The electrochemical cells may be nickel-metal hydride cells. In this case the negative electrodes of each cells are formed of hydrogen storage material and the positive electrodes of each cell are formed of nickel hydroxide material.

EXAMPLE 1

A 3-cell battery was assembled into a single stainless steel can. Each cell consisted of an electrode stack inserted into a separate polypropylene bag. The electrolyte in each cell was isolated by the plastic bag which was modified with a barrier of hydrophobic material at the top of each cell. The 3-cell battery shared a single can, a single vent, and a single set of terminals. Inter-cell connections inside the can were made by TIG welding the welded tab bundles of each cell together in series. The welded tab connectors of the outer cells were TIG welded to the can terminals.

Each electrode stack consisted of 6 positive and 7 negative electrodes. The positive electrodes consisted of nickel hydroxide powder pasted into foamed nickel substrates. The positive electrodes were 31 mil thick and weighed about 30 grams each. The designed positive capacity of each cell was about 30 Ah. The negative electrode consisted of MF-139Z metal hydride alloy (nominal composition in at. % Ti 9.0%, Zr 27.0%, V 5.0%, Ni 38.0%, Cr 5.0%, Mn 16.0%) on nickel substrates. The negative electrodes were 14 mil thick and weighed about 23.3 grams each. The designed negative capacity of the cells was about 50 Ah, yielding a design stoichiometric ratio of 1.7:1.0 negative to positive. Thick, 50 g/m2, separators placed around both the positive and negative electrodes. The electrolyte fill volume was 2.3 g/Ah×30 Ah=69 g of 30 weight % KOH per cell.

Electrolyte isolation was achieved by enclosing the individual cells in separate 8 mil polypropylene bags. The cells were welded in series in an over the wall configuration. That is, the electrode tabs of the individual cells were welded in series above the tops of the polyethylene bags. To prevent electrolyte leakage from the tops of the bags, and yet allow for gas to escape, highly hydrophobic, gas-permeable, heat-sealable film material was laminated to the top third of each polyethylene bag. Three heat seal lines were used to give strength and guaranteed sealing around the top of the bags. A second barrier was inserted over the tab area to prevent electrolyte from creeping up and over the nickel tabs of the electrodes. A polyethylene tube was slotted and forced over the tab weld area and allowed to clamp to the top of the bag around the interconnect area. The tube was filled with epoxy to seal the tab area and the top of the bag area completely.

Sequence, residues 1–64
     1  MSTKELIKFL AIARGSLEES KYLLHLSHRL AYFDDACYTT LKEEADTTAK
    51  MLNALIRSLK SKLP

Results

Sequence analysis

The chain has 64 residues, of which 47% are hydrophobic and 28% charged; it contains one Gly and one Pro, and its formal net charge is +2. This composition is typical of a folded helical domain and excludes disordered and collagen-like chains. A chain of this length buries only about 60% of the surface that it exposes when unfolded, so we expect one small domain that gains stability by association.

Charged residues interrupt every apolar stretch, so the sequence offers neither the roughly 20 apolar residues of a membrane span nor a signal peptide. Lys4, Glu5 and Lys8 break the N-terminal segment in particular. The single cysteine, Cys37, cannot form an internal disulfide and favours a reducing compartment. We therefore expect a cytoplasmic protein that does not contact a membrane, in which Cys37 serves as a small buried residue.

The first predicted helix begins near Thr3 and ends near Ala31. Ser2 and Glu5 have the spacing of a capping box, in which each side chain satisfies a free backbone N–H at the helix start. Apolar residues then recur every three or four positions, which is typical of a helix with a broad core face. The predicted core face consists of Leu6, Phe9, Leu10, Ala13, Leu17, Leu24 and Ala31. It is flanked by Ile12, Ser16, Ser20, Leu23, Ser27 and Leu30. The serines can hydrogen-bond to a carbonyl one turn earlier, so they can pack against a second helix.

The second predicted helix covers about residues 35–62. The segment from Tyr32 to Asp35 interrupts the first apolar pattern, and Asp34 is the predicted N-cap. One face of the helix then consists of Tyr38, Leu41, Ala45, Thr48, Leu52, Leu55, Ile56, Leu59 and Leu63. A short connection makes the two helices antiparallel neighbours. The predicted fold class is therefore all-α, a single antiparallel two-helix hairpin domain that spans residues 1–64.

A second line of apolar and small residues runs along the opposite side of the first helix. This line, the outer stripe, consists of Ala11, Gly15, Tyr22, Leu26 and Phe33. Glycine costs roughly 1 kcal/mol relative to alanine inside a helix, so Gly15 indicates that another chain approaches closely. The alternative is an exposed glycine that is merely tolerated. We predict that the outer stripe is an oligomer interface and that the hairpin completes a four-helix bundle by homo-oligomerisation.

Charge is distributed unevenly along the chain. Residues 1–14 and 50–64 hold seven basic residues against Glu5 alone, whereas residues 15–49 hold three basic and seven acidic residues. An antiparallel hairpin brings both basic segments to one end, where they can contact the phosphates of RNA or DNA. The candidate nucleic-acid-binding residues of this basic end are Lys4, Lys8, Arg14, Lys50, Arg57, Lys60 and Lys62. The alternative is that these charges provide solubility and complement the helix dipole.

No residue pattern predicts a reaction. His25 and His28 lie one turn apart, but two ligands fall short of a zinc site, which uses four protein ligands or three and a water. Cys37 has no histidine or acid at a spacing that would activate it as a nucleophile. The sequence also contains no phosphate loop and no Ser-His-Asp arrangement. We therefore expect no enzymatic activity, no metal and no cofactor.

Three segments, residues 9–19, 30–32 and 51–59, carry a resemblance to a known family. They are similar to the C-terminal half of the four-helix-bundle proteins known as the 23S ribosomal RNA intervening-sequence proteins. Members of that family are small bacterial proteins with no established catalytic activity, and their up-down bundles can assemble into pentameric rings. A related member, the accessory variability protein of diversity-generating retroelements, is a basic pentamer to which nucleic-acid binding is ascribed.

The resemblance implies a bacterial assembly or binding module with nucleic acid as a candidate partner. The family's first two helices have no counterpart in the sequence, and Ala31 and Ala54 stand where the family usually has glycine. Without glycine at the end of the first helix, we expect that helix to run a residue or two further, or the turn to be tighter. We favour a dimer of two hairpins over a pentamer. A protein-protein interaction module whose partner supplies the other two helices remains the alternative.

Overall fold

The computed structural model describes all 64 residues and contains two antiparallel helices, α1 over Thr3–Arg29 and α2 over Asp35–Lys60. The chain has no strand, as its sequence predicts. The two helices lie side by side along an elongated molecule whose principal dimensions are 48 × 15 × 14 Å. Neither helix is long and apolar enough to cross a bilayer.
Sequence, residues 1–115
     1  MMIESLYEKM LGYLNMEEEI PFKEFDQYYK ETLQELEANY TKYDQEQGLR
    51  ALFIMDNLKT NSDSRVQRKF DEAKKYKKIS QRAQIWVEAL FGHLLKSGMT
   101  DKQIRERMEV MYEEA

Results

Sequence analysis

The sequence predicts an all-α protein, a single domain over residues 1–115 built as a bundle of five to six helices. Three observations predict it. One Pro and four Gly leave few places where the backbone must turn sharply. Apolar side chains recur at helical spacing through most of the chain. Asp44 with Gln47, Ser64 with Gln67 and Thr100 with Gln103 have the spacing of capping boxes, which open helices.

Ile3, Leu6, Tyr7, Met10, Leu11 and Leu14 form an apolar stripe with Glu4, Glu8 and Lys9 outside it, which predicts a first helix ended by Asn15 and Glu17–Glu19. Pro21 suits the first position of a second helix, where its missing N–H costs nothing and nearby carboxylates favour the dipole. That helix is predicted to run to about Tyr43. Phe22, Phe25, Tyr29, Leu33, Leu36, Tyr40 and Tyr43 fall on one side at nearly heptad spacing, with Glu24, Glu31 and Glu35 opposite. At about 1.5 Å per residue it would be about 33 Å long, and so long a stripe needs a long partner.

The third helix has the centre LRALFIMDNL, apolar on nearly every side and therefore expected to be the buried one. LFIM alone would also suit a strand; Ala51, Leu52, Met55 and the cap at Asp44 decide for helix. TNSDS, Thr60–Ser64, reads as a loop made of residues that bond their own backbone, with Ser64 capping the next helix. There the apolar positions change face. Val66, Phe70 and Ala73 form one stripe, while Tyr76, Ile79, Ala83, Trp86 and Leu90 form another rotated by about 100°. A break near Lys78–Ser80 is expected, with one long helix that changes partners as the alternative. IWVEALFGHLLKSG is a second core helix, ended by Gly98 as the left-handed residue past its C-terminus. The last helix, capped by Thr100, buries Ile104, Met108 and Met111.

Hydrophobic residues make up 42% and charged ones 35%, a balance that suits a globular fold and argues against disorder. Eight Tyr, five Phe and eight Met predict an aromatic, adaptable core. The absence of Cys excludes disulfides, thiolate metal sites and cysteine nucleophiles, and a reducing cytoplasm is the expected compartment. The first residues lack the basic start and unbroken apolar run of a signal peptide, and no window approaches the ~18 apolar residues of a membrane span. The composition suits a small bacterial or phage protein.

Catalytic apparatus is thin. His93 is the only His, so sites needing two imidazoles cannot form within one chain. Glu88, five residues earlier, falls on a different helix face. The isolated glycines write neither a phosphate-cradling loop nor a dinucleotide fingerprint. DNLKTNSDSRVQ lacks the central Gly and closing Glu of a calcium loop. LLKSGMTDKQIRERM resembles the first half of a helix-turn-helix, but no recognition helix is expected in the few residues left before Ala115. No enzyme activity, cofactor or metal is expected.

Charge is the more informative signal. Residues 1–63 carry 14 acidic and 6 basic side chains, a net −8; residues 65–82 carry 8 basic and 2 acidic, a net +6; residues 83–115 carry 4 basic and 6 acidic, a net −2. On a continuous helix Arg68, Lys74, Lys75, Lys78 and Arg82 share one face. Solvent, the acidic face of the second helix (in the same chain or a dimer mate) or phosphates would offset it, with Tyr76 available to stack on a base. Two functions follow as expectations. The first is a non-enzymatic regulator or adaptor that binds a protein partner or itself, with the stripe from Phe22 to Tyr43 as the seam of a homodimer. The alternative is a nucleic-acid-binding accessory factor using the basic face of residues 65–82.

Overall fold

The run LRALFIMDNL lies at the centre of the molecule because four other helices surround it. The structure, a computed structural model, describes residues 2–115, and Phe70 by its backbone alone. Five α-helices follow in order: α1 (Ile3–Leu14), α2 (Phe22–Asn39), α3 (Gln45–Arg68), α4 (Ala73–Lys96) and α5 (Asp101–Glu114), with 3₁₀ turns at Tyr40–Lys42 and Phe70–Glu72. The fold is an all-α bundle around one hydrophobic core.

The electrolyte was added to each cell by syringe and allowed to soak into the separator and plates. The battery was then vacuum pumped to drive the KOH further into the void areas of the electrodes. After final addition of KOH, a roll of hydrophobic heat-sealable film was inserted onto the tops of each cell as a rejection area to minimize electrolyte well-up or line of sight splashing.

The battery was welded closed and a septum vent installed. The battery was then compressed to 1650 pounds and heat-treated for 3 days at 60° C. After heat treatment, the compression was reduced to 50 psi and the battery was formed using standard electrical charge formation procedures.

Two triple-cell batteries were built according to the fabrication process described above. After formation, the open circuit voltage of the multi-cell, single-can batteries was over 4V, indicating three cells in series. The batteries were discharged at C/3 to 2.7 V or 0.9 V per cell and then further discharged at C/10 to 0.9 V or 0.3 V per cell. The discharge curves resemble the discharge curve of a NiMH cell with a midpoint voltage of 3.67 V, triple the 1.22 V midpoint voltage of the single cell control. The discharge capacity was 29-30 Ah, in good agreement with the design capacity of 30 Ah. The behavior thus resembles the discharge of three 30 Ah cells in series. In both batteries, all three cells acted together and the state of the charge was well balanced between cells. It is important to note that the discharge curves showed no secondary plateaus indicative of out-of-balance cells. The specific energy was slightly lower than a comparable single cell, mainly because the stoichiometric ratio in the triple-cell can batteries was higher due to design details.